09/20/2011 11:52 am ET | Updated Nov 20, 2011

What We Can Learn by Investing in Our Schools

As part of his efforts to stimulate a slow economy, President Obama has called for $30 billion to rehabilitate schools and community college facilities. Republicans, like the representative from my state, John Kline, Chairman of the House Committee on Education and the Workforce, have already -- and predictably -- denounced it. "Putting the federal government in the business of school construction," says Kline, "will only lead to higher costs and more regulations" -- even though the federal government has been involved in supporting school construction since at least the 1930s. And even the staunchest advocates of such an investment, like major teacher's organizations, seem skeptical that this part of the jobs plan, at least without some alteration, will pass Congress.

Too bad because this investment in our schools could do so much more for us than just create, over the short-term, many badly needed jobs. Fixing leaky roofs and upgrading leaky windows have immediate, pragmatic value. As architects and contractors know, the more we let such problems go unchecked in buildings, the more expensive the repair, to the point where too much damage can make even expensive new construction less costly. Add to that the fact that rehabilitation often creates more jobs than new construction, and certainly more than what Obama's opponents in Congress seem ready to do -- nothing at all -- and we can see what a missed opportunity it would be to pass up a chance to fix our schools when, in a depressed economy, our money may never go this far again.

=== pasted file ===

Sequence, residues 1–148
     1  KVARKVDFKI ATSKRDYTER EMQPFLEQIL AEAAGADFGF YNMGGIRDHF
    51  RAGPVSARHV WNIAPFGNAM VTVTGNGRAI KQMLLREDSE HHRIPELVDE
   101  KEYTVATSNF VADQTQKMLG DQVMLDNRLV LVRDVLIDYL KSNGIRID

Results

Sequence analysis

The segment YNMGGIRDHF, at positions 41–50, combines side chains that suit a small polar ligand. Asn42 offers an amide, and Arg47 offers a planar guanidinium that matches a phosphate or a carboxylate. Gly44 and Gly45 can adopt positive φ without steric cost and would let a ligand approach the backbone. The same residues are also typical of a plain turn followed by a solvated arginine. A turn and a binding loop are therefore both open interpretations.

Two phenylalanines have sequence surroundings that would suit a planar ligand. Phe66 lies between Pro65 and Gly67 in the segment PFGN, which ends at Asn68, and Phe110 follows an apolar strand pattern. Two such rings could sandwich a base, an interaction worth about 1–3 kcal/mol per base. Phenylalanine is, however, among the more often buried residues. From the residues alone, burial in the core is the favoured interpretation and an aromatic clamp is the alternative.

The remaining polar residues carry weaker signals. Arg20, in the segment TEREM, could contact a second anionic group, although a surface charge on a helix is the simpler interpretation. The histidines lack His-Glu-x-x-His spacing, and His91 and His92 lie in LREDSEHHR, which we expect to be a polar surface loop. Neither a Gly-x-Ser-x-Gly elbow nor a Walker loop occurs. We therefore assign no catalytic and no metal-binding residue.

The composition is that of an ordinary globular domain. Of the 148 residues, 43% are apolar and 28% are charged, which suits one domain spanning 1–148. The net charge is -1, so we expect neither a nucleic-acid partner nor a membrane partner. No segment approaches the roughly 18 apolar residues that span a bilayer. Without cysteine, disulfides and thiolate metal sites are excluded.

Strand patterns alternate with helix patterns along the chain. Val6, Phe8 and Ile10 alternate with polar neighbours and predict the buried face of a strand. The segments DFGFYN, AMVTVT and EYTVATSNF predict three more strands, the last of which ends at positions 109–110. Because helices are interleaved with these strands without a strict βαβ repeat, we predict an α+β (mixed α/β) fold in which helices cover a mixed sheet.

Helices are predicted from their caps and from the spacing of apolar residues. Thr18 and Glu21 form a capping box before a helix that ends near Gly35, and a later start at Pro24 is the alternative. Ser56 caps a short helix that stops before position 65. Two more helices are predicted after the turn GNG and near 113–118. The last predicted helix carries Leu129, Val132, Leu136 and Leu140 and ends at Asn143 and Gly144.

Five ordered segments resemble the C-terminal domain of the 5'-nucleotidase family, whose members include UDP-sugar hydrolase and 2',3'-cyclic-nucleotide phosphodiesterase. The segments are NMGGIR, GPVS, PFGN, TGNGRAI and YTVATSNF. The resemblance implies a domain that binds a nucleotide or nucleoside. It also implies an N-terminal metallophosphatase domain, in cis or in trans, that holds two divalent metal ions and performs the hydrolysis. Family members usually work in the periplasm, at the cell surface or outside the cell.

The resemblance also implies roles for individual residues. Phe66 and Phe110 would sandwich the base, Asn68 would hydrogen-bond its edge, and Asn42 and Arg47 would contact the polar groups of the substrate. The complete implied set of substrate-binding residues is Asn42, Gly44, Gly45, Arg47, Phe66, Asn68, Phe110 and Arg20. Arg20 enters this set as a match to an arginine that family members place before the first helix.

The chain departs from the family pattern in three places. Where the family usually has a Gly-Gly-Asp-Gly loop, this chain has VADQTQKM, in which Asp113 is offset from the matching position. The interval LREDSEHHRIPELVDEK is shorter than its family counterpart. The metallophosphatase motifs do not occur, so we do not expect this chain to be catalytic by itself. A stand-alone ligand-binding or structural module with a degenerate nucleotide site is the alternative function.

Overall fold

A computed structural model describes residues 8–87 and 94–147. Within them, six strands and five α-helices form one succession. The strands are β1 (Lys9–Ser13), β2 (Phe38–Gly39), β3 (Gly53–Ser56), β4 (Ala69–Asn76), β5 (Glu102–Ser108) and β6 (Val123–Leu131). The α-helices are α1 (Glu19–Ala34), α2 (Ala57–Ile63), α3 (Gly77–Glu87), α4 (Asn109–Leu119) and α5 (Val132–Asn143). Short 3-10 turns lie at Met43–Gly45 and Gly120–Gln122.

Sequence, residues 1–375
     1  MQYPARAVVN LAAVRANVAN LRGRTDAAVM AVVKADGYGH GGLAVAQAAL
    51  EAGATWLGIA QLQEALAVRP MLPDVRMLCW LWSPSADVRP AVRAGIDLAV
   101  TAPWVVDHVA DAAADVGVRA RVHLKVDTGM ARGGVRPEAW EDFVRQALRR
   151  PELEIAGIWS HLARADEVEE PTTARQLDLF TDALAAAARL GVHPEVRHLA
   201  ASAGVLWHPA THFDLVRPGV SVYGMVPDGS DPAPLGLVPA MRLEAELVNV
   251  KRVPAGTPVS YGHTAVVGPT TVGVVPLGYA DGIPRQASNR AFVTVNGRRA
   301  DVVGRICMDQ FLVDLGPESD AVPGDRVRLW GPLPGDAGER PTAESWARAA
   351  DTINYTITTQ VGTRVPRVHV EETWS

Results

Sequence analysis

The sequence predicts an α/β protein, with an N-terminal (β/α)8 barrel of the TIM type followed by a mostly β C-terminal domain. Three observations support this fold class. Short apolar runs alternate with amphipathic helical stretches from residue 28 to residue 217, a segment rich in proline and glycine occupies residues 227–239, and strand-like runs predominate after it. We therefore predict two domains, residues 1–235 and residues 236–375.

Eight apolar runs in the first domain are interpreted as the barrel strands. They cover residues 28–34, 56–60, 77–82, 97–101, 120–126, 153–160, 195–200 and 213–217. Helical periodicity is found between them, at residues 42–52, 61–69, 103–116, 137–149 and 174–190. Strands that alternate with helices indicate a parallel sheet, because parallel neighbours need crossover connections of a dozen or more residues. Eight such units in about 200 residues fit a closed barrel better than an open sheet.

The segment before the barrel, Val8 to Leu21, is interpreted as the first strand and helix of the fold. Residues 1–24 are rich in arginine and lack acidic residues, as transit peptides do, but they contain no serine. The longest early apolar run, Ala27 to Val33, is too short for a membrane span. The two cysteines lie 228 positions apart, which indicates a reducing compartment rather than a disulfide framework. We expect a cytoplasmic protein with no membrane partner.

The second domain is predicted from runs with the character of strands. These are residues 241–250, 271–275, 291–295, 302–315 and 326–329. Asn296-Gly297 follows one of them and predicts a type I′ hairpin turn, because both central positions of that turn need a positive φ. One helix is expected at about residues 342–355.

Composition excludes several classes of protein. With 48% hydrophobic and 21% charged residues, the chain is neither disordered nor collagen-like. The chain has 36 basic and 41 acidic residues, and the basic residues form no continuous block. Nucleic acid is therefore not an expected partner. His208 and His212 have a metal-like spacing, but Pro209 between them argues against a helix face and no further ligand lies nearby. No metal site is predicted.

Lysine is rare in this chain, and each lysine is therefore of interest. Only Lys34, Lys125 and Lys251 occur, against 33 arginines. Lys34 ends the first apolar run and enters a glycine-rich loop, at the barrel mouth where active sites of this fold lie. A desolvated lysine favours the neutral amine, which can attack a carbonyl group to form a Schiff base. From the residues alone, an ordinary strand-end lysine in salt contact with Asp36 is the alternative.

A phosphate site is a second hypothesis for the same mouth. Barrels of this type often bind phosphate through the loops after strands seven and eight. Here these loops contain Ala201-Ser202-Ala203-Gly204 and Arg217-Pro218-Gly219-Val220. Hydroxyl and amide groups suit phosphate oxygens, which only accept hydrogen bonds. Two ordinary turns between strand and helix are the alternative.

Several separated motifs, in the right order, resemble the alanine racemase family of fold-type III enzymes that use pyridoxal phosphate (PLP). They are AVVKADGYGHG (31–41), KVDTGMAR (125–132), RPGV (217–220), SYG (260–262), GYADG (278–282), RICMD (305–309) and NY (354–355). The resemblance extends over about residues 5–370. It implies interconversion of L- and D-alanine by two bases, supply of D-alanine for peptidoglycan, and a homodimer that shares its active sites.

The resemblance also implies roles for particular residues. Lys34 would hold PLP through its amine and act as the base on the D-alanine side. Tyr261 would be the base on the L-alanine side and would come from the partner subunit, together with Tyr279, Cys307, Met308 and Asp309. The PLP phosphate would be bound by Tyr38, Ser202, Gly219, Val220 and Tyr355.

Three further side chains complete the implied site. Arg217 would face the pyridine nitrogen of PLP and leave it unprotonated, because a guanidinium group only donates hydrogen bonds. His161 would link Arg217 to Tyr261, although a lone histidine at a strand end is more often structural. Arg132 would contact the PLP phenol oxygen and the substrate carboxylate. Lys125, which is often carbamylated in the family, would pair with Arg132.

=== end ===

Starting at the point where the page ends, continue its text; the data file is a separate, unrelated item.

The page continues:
That may be because we have not gone far enough in our thinking about this. We could pay for this work without another penny of Federal money, were we to see schools and the value they bring to communities more broadly. A workshop is scheduled for the end of October in Washington D.C. that will bring together the school design community with those in public health focused on the childhood obesity epidemic, to discuss ways we educate and encourage school kids to eat healthier and burn more calories. Sponsored by the National Collaborative on Childhood Obesity Research, the National Academy of Environmental Design, and the U.S. Green Building Council, the gathering will show how much potential exists for schools to serve as centers for good health in our communities.

Some may call this socialism, although how is learning good nutrition any different from learning proper English, or getting more exercise any different from getting more study time? I call this opportunism. We could repair our schools and pay for it out of the enormous savings we could achieve by reducing the disease and the attendant health care costs we have already begun to experience with an increasingly obese population. Funneling a tiny fraction of the billions of dollars we would save would more than pay for the improvements to schools this would require.